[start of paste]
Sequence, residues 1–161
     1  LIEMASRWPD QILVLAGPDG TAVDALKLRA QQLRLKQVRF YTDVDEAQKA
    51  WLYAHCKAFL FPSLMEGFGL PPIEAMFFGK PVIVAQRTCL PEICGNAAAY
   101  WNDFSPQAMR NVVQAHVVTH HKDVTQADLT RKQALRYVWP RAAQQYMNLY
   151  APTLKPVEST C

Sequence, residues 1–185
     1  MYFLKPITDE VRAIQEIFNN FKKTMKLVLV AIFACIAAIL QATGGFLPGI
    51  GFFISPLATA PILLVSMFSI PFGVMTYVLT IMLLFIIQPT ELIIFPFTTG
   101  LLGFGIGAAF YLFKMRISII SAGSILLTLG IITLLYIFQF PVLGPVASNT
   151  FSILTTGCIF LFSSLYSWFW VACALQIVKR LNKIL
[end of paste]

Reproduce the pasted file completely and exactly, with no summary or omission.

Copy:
Sequence, residues 1–161
     1  LIEMASRWPD QILVLAGPDG TAVDALKLRA QQLRLKQVRF YTDVDEAQKA
    51  WLYAHCKAFL FPSLMEGFGL PPIEAMFFGK PVIVAQRTCL PEICGNAAAY
   101  WNDFSPQAMR NVVQAHVVTH HKDVTQADLT RKQALRYVWP RAAQQYMNLY
   151  APTLKPVEST C

Sequence, residues 1–185
     1  MYFLKPITDE VRAIQEIFNN FKKTMKLVLV AIFACIAAIL QATGGFLPGI
    51  GFFISPLATA PILLVSMFSI PFGVMTYVLT IMLLFIIQPT ELIIFPFTTG
   101  LLGFGIGAAF YLFKMRISII SAGSILLTLG IITLLYIFQF PVLGPVASNT
   151  FSILTTGCIF LFSSLYSWFW VACALQIVKR LNKIL